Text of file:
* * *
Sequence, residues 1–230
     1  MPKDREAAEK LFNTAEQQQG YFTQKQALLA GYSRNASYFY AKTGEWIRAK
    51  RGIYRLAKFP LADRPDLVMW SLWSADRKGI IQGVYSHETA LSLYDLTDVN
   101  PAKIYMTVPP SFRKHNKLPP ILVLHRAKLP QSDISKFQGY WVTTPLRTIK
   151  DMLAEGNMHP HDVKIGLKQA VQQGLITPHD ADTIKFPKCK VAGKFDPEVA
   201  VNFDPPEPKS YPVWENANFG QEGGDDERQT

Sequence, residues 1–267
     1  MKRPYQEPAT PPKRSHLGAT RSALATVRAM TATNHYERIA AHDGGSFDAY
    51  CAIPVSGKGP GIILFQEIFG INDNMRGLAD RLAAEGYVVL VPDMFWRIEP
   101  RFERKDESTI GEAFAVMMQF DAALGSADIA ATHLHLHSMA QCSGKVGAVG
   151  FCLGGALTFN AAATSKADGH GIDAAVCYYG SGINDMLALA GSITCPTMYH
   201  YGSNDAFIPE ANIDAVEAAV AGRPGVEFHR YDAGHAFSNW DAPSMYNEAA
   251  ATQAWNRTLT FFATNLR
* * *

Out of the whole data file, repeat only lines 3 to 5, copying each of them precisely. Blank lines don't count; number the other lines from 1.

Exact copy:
    51  RGIYRLAKFP LADRPDLVMW SLWSADRKGI IQGVYSHETA LSLYDLTDVN
   101  PAKIYMTVPP SFRKHNKLPP ILVLHRAKLP QSDISKFQGY WVTTPLRTIK
   151  DMLAEGNMHP HDVKIGLKQA VQQGLITPHD ADTIKFPKCK VAGKFDPEVA